Review | One Last Shot

one last shot - book review

Summary: One Last Shot by John David Anderson

One Last Shot follows 12-year-old Malcolm who has an anxious streak and never feels good enough, especially for his dad. It doesn’t help that his parents are always arguing, and Malcolm is typically caught in the middle. Malcolm’s father loves competitive sports (especially baseball) and is disappointed when Malcolm decides to stop playing because he isn’t good at it and does not enjoy it. But he finds some respite when Malcolm becomes interested in miniature golf — and actually enjoys it.

As usual, Malcolm’s father goes overboard, hiring a coach called Frank and signs Malcolm up for a tournament. The book alternates between the events of the tournament day and past events leading up to the tournament as Malcolm and Frank forge a sweet friendship, Malcolm befriends a smart girl named Lex, and his parents relationship deteriorates.

The Good

I always enjoy John David Anderson’s writing. He has a way of writing sweet, sensitive, funny male characters going through challenging life circumstances. Ms. Bixby’s Last Day is one of my favorite “boy books.” I could relate to Malcolm immediately — his anxiety, the voices in his head (he’s not mentally ill, just has a highly active imagination), and his desire to make things right for everyone.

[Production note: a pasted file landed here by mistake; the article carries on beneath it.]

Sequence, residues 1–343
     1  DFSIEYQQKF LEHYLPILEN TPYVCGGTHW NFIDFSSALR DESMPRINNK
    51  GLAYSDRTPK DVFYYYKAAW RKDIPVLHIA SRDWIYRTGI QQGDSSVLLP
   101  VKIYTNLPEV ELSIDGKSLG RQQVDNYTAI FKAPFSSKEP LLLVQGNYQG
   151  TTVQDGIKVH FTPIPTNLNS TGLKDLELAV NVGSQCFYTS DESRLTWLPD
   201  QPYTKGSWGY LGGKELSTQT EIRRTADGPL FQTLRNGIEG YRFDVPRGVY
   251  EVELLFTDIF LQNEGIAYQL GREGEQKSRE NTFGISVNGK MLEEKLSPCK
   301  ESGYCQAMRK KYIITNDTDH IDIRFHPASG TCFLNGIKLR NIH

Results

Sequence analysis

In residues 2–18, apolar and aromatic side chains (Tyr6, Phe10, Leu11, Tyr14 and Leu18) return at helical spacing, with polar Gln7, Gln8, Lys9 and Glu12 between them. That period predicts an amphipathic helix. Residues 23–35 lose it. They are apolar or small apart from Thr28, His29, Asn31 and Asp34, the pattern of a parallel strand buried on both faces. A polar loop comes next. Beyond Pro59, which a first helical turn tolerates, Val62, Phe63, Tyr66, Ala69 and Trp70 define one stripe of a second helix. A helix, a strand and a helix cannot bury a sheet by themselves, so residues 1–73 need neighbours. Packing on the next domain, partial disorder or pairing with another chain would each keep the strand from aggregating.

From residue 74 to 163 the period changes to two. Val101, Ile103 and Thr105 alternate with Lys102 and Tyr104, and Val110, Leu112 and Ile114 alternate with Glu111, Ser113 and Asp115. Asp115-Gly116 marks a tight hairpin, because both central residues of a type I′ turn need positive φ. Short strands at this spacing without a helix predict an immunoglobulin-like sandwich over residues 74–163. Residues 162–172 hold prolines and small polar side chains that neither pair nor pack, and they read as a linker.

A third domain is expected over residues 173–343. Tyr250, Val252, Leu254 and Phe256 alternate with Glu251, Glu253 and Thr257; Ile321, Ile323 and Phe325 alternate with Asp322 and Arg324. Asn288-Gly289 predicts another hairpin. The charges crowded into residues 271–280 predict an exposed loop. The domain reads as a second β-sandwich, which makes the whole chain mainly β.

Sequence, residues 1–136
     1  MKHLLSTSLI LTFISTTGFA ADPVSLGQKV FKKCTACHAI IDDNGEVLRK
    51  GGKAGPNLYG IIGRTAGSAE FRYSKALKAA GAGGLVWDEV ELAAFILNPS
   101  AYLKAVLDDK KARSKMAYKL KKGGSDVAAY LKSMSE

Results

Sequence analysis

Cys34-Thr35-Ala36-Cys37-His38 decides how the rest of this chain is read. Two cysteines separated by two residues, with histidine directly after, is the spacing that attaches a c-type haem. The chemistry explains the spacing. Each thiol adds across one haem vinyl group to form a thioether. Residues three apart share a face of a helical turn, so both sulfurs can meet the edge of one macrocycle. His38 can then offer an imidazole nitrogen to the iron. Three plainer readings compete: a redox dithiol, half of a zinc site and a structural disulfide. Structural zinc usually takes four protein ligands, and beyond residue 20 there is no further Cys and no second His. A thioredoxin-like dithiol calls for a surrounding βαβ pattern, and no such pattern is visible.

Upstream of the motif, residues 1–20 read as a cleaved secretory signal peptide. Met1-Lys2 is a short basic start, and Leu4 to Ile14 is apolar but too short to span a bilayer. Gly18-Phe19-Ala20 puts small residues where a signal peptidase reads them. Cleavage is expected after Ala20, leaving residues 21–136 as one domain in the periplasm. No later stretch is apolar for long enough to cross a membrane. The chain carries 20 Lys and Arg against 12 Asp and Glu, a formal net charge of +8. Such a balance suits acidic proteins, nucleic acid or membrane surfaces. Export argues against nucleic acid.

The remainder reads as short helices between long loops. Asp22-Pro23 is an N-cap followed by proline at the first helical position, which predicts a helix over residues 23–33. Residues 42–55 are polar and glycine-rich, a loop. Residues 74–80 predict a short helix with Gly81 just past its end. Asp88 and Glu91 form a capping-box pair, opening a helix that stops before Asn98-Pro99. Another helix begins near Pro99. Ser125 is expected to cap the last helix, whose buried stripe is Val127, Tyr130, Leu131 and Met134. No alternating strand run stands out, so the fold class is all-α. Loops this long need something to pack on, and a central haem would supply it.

Malcolm’s parents have a strained relationship and they argue frequently throughout the book, mostly because his father is terribly overbearing, verging on abusive. He pressures Malcolm into engaging in sports because of his love for sports, and yet isn’t satisfied by participation. He wants wins! Malcolm’s mother is frustrated and tired for most of the book. This is one of the stories that I liked because it isn’t preachy. It just reflects one family’s truth and how they try to work through the messy.

I really liked Frank and Lex and I was so grateful that Malcolm had both of them in his corner. Frankly, I don’t care much for sports or golf in particular, but Anderson’s writing makes it bearable and occasionally interesting. Finally, this book does have a satisfying ending, which is always a win.

Overall: One Last Shot by John David Anderson

One Last Shot by John David Anderson is a moving story of learning to listen to one’s inner voice. Like most of Anderson’s work, this book is a beautiful celebration of friendship and mentoring. It also highlights the impact of parental strife and separation on children as well as the effects pushy, overbearing parents can have on their kids, especially when they disregard their own emotions. I would definitely recommend this one to fans of sports books and those looking for books about divorce and separation.

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